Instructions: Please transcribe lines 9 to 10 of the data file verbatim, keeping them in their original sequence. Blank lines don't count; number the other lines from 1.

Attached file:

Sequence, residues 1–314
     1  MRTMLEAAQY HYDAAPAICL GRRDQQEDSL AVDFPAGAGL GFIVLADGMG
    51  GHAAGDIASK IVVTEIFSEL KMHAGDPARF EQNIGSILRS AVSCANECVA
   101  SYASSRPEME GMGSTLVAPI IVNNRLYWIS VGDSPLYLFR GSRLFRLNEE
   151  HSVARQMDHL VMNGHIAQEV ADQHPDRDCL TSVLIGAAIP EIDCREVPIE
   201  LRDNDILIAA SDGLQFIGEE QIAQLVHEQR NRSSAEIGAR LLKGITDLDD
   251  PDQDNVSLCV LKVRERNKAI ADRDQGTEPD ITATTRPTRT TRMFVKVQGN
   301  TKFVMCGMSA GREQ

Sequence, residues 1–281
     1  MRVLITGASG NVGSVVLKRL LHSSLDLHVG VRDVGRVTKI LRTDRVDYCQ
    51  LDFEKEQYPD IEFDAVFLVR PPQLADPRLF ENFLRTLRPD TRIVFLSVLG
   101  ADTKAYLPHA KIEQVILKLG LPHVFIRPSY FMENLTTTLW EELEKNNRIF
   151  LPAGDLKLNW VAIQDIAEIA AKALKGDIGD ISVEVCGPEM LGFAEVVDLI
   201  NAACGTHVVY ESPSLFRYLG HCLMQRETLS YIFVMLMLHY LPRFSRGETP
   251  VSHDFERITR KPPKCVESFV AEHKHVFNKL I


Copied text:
Sequence, residues 1–281
     1  MRVLITGASG NVGSVVLKRL LHSSLDLHVG VRDVGRVTKI LRTDRVDYCQ